What is the Delta?

This short video is intended to serve as an introduction to the Sacramento and San Joaquin Delta, and is the first in a series of four short videos highlighting USGS science in the San Francisco Bay and Sacramento-San Joaquin Delta Estuary. This video serves to orient the viewer to physical characteristics of the Delta, the challenges facing it, and the work the USGS is

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August 25, 2016

Tarantula Hawk

Tarantula hawk wasps sting and paralyze tarantulas to feed their young. USGS Ecologist Todd Esque captured this video of a tarantula hawk wasp dragging a tarantula through the desert in Mexico. 

August 25, 2016

Public Lecture Series — The New Eyes in the Sky

Putting Drones to Work for Scientific Research
By: Jeff Sloan, Geographer, Project Leader — USGS National Unmanned Systems Project Office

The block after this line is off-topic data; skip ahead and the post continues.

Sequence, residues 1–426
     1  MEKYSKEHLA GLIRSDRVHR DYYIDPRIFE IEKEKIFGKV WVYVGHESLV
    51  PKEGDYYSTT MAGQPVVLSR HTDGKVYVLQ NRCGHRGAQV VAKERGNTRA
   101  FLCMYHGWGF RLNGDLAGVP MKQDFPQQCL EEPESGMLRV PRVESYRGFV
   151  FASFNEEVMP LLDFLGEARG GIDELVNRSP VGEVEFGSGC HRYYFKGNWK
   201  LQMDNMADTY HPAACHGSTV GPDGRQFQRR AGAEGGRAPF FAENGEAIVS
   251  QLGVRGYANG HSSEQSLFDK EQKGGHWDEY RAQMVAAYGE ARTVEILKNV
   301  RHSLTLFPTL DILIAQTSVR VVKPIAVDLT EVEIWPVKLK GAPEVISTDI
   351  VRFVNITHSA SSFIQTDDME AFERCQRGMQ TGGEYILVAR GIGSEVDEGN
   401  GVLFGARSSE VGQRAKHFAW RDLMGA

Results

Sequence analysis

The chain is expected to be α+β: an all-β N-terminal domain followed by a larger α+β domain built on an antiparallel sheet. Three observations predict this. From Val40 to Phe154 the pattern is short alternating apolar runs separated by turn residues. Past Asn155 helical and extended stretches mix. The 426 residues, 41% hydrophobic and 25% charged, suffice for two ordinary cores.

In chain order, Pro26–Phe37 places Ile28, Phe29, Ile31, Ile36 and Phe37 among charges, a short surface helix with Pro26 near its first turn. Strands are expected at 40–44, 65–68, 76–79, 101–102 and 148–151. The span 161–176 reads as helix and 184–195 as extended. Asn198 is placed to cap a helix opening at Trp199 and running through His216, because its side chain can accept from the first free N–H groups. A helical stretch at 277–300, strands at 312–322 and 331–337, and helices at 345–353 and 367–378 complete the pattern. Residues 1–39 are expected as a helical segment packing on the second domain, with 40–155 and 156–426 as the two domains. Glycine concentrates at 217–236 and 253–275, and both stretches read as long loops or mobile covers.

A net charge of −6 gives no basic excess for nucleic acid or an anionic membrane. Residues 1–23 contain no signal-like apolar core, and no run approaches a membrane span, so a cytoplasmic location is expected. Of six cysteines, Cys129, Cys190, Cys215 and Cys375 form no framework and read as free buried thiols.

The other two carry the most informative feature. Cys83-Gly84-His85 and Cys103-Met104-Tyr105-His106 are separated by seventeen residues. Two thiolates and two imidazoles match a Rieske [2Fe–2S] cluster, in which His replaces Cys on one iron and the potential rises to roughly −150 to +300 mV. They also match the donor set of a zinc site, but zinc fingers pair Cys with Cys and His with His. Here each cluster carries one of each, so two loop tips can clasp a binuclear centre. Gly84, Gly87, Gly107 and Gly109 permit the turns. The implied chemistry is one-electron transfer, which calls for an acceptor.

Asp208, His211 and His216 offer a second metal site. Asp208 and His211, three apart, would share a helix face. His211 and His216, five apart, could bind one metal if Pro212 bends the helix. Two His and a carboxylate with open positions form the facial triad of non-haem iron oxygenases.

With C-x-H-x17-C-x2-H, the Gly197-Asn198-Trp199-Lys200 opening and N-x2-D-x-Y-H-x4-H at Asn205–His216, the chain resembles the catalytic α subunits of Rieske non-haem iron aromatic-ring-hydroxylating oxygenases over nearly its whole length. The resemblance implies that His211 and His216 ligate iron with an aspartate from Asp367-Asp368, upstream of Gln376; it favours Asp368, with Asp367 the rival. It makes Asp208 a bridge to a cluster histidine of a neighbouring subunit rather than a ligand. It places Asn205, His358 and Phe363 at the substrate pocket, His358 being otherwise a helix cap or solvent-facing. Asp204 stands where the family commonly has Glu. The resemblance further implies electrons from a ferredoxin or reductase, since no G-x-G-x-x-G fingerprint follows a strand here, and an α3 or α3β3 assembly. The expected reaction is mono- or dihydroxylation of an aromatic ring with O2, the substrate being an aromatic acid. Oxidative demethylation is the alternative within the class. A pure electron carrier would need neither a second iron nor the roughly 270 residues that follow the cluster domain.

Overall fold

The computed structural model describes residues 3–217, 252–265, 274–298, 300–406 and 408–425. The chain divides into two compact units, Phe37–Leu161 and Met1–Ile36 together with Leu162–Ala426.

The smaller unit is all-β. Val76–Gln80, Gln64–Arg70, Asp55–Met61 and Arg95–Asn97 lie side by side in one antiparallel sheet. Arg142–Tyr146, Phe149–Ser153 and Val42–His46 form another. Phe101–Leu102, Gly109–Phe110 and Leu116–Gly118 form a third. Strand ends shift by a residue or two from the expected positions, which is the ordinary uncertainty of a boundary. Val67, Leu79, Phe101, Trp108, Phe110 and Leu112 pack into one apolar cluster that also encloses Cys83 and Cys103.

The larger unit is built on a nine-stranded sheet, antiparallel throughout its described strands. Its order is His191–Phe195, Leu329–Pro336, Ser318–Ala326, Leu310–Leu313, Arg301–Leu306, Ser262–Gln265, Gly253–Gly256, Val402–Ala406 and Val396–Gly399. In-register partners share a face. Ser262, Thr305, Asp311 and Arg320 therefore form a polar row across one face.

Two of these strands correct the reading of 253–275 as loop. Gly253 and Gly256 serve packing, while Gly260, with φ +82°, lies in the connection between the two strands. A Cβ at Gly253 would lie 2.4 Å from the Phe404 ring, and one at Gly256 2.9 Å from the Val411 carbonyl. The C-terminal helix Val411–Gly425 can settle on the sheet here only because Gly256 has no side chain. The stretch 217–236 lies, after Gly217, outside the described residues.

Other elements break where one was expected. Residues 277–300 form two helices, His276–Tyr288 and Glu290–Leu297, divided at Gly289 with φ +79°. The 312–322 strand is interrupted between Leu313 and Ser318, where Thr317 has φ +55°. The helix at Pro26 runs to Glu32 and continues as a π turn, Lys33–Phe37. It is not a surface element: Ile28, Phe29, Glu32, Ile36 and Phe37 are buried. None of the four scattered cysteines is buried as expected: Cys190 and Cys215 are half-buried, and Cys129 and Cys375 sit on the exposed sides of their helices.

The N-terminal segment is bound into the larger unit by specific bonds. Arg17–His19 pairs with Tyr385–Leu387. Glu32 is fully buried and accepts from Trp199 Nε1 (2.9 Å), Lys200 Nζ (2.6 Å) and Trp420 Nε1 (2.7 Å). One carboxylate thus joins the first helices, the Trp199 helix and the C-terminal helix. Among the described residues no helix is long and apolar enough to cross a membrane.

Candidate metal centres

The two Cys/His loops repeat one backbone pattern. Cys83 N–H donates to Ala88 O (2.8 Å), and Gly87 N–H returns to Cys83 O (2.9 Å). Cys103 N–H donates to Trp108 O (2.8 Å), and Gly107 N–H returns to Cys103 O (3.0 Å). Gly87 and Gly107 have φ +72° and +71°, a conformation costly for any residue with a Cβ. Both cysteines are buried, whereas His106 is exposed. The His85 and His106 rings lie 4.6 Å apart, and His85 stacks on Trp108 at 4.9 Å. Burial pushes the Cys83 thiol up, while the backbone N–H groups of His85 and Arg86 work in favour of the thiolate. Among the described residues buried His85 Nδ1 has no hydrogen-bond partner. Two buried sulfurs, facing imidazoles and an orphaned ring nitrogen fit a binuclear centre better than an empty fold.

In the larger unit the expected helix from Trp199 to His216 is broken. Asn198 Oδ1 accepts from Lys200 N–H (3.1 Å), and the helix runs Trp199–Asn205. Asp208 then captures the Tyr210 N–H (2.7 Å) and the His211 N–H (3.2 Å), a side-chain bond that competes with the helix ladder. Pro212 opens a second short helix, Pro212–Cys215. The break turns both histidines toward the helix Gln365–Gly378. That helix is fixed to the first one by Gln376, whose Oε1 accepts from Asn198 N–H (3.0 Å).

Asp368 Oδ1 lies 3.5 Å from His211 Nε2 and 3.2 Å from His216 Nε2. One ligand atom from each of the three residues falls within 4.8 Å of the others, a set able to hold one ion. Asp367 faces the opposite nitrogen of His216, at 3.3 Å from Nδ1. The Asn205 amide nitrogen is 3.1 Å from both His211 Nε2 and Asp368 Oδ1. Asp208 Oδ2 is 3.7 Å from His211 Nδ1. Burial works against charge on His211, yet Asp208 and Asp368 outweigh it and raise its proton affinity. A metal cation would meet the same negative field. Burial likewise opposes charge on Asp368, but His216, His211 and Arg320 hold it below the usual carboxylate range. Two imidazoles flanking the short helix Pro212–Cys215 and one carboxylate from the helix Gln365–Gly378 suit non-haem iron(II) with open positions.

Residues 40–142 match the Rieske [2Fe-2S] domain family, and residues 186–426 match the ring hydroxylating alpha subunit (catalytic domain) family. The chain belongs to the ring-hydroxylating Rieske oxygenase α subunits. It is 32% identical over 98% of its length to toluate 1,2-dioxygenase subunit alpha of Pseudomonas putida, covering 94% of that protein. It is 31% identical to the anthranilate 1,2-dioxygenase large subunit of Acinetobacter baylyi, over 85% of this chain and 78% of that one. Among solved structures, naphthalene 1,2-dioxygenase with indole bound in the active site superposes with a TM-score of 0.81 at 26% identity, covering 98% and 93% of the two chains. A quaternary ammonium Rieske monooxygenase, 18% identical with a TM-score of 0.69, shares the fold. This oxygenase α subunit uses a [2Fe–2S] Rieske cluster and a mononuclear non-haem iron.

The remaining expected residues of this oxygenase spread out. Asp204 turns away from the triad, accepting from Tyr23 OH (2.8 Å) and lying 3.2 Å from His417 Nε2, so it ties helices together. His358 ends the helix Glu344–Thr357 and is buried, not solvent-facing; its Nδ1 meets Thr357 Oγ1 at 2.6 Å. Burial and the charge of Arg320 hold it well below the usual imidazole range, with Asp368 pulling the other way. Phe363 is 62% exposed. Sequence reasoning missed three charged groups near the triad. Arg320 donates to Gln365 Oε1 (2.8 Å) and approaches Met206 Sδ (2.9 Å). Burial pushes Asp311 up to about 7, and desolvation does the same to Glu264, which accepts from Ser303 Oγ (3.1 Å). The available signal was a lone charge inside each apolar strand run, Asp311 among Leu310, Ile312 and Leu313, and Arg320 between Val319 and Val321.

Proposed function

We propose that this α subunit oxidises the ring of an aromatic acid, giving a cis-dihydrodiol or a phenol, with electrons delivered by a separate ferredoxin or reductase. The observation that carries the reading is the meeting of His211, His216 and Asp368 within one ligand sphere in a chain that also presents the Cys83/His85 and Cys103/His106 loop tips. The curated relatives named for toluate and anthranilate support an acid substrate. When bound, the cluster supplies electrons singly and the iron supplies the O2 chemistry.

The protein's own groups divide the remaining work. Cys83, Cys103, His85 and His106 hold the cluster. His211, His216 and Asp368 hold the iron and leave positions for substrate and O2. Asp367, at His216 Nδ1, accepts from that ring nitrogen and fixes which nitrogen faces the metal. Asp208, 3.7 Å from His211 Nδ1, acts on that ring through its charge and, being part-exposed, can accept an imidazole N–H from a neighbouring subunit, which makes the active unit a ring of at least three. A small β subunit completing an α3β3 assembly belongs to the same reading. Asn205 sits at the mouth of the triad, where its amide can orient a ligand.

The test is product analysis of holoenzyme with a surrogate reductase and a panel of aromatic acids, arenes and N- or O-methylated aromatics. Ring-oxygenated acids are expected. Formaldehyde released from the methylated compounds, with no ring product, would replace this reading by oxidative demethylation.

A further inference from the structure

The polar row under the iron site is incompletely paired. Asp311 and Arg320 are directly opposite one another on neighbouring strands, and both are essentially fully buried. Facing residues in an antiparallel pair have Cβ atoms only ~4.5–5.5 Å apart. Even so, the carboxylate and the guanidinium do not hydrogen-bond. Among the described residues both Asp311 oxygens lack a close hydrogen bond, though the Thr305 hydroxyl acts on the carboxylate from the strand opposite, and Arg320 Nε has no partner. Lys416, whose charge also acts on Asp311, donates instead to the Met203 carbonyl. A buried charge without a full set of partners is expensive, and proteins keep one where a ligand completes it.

• Why is there so much interest in unmanned technology?
  • What are the rules to legally  y within the National Airspace?
  • How does this technology increase safety, lower costs, and
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August 23, 2016

Golden Eagle Flight

Golden eagles can be killed by colliding with a number of human-made objects, including wind turbines. USGS research wildlife biologist Todd Katzner describes his studies of golden eagle flight. This research is being done to model flight behavior which might help managers understand how placement of wind turbines might pose significant risks to golden eagles.